A North Korean cultural representative has denied claims that Christians are being persecuted in the country and accused evangelists of taking advantage of drug addicts and homeless people by forcing them to convert to their religion in exchange for food.
Evangelical Focus editor Joel Forster reported the comments from the Spaniard Alejandro Cao, representative of Cultural Relations of North Korea with Foreign Countries, which were made via Twitter.
When Forster asked Cao about the rampant Christian persecution under the rule of North Korean leader Kim Jong Un, Cao replied: "It is absolutely false. The problem in the world is that there are enlightened people like you who believe themselves to be representatives of God or even God."
Cao, who is also the president of the Korean Friendship Association, continued, "You take advantage of drug addicts and homeless people to force them to become evangelists in exchange of a plate of soup."
He then accused Forster of being "not a religious person but an activist of the USA" and mocked the suggestion that God would bring justice to those suffering under Kim Jong Un's leadership.
"He [God] seems to be arriving late. We have been here for 70 years, and many more to come," Cao said.
Despite Cao's claims, persecution watchdog Open Doors USA has ranked North Korea at the very top of its World Watch List of countries where Christians face the most persecution for 13 consecutive years
"The god-like worship of the leader, Kim Jong-Un, and his predecessors leaves little room for any other religions and Christians face unimaginable pressure in every sphere of life," the Open Doors website explains.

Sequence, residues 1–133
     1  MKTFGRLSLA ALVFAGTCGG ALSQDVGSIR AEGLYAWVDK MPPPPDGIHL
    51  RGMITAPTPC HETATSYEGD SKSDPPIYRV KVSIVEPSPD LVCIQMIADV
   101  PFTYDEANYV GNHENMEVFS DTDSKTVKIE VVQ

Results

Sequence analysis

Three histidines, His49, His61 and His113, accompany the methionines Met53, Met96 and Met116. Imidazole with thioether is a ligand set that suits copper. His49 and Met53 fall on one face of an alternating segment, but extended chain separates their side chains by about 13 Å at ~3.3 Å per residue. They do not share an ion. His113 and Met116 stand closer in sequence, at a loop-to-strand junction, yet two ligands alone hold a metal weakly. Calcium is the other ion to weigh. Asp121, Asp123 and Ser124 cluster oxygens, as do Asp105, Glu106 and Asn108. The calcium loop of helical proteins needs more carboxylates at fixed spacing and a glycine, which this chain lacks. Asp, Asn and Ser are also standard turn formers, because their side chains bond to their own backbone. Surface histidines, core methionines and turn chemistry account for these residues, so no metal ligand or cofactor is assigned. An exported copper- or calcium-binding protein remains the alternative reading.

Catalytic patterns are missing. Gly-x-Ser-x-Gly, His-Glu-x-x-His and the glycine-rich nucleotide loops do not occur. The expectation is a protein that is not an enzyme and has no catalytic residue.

"Meeting with other Christians is virtually impossible. Anyone discovered engaging in unauthorized religious activity is subject to arrest, arbitrary detention, disappearance, torture and/or execution. Those Christians who attempt to return to North Korea from China are sentenced to life in prison or executed. Leader Kim Jong-Un purged 10,000 North Koreans last year, including some Christians."
The United States Commission on International Religious Freedom (USCIRF) also said that the Communist state "remains one of the most oppressive regimes in the world and among the worst violators of human rights."
"The government tightly controls all political and religious expression and activities, and it punishes those who question the regime," the USCIRF's 2015 report said.
"Genuine freedom of religion or belief is non-existent. Individuals secretly engaging in religious activities are subject to arrest, torture, imprisonment, and sometimes execution...While all forms of religion or belief not expressly sanctioned and operated by the state are restricted, Christians experience the most severe persecution."
In an attempt to further the Gospel despite this kind of oppression, the Korean office for Voice of the Martyrs announced at a press conference earlier this week that they will be sending Bibles into the southern part of the country.
The Christian missionary organization will be sending the Bibles, translated into a North Korean dialect, via balloons which can be tracked via a computer app.
"We didn't create it for North Koreans, but with North Koreans. They asked us to make it, and we created it to meet their needs", VOM founder Eric Foley explained.
However, he admitted that such an endeavour is dangerous, as posessing a Bible in the Communist country is strictly forbidden.
"In North Korea, even children are aware of the risks of possessing a Bible," he said. "Even socks, clothes or food are dangerous. People who pick up a Bible know their choice is very risky, they could probably end up being executed."